Mining magnate’s $100M gift launches ‘Canadian Rhodes’ – by Tristin Hopper (National Post – October 14, 2011)

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With $100-million — the second-largest endowment to Canadian academia in history — mining magnate Seymour Schulich is inaugurating what he hopes will be the Canadian equivalent to the Rhodes Scholarship.

“It’s about trying to create leaders,” said Mr. Schulich, 71. “If you call people leaders and give them 60 grand, some of them are going to turn into leaders.”

Dubbed the Schulich Leader Scholarships, when fully implemented by 2014 the award will grant $60,000 over four years to students enrolling in science, technology, engineering or mathematics programs.

A noted philanthropist, Mr. Schulich’s name already adorns schools of business, music, medicine and engineering. This time around, he felt it was time to put money into the sciences.

“Business gets enough support, medicine gets enough support, but I haven’t really done a straight science benefaction,” he said.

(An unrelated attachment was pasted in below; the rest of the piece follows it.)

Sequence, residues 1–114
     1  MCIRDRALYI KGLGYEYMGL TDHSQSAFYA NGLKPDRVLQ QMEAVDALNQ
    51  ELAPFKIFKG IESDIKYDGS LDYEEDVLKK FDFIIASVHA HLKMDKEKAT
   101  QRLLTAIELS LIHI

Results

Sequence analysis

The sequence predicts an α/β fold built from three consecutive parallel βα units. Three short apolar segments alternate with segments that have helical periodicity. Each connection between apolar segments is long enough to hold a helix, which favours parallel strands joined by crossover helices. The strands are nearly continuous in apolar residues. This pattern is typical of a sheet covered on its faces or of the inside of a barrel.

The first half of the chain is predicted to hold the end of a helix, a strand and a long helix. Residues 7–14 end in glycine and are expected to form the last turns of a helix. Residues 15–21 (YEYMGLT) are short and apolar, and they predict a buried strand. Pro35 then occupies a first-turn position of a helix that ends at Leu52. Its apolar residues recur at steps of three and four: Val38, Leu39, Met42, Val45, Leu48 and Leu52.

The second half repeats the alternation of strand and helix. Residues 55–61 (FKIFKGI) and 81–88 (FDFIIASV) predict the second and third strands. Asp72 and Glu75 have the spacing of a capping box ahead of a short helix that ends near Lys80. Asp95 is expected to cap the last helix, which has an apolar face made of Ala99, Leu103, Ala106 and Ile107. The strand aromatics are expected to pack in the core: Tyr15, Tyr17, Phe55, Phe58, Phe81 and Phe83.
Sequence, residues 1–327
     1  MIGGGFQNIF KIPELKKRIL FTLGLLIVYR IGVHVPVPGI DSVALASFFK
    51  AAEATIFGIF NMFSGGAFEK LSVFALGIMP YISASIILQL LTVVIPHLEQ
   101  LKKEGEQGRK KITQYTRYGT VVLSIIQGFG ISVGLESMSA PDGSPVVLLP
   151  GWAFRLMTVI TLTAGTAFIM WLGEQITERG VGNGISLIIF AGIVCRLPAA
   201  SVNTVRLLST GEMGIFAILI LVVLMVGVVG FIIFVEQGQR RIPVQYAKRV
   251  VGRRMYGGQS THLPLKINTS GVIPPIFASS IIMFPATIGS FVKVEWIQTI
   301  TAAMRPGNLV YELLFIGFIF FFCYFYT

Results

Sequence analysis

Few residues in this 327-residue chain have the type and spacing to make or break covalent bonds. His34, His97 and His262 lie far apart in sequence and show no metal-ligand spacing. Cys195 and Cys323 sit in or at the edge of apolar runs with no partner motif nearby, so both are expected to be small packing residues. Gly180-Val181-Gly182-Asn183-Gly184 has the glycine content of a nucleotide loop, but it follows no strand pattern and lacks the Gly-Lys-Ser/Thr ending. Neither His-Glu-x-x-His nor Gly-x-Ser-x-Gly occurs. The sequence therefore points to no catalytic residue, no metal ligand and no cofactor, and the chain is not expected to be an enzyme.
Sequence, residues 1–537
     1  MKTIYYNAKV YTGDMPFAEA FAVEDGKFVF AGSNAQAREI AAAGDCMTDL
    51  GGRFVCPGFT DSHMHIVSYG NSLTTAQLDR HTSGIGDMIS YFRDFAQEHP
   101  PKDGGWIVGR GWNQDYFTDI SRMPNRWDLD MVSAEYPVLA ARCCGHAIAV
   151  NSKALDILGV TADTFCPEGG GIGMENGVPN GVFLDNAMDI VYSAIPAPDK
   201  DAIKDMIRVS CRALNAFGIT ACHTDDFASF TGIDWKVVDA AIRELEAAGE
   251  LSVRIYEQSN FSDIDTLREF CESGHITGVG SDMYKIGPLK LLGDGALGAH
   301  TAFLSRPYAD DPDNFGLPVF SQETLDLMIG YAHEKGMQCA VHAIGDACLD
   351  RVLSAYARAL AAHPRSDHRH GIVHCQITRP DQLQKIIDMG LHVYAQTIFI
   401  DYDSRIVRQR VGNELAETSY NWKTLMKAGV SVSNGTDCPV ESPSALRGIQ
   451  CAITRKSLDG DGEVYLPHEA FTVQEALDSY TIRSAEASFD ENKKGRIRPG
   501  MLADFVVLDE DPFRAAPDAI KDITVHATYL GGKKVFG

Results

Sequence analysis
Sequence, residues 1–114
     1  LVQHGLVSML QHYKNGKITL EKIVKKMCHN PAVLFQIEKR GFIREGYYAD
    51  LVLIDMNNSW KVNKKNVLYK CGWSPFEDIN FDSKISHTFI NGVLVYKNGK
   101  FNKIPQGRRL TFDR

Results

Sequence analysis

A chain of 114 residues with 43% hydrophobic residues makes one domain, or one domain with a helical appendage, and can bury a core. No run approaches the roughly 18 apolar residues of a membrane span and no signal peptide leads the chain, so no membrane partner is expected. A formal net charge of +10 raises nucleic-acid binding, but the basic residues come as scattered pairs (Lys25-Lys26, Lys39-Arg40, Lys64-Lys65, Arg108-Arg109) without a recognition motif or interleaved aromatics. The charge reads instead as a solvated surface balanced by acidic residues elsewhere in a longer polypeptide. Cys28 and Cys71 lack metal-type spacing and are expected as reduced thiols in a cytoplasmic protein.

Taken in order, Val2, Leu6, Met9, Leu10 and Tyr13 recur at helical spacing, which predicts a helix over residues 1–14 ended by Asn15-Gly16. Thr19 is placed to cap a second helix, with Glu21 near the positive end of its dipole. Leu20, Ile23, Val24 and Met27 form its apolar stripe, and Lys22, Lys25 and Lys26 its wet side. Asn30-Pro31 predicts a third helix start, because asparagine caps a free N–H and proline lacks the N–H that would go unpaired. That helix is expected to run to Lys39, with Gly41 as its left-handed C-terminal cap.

In a sense, the new scholarship closely mirrors Mr. Schulich’s own career path. He studied engineering and chemistry at McGill University before making his fortune in mining and early investments in the Canadian oil sands. “I think engineers make great CEOs,” said Mr. Schulich, who is the CEO of Nevada Capital Corp. “It’s not particularly about trying to create scientists at all.”

The award will work by a complex nomination process wherein each of Canada’s 1,300 high schools selects a single Schulich nominee. Of those, a selection committee will peg 75 students (60 Canadian, 15 Israeli) for the award.

“It’s sort of like the Academy Awards. If a student is a nominee, he may not get the big prize, but the admissions officers in the school will at least notice that the kid is on the ball,” he said.

Most importantly, “I’m not going to take the scholarship away from you,” said Mr. Schulich.

As a first- year student at McGill, Mr. Schulich received a grant from the university scholar program. The scholarship was stripped by second year when he failed to meet the award’s minimum GPA by 0.2%.

“It’s my Rosebud…. I never got over the fact they took the damn thing away from me,” he said.

The Schulich Leader Scholarships will be administered by Toronto’s United Jewish Appeal. The organization is not particularly known for its background in science and mathematics, but Mr. Schulich picked it more for its staying power.

“UJA has been around for close to 100 years, and he believes we’ll be around for another 100 years,” said David Goodman, acting director of the Schulich Leader Scholarships.

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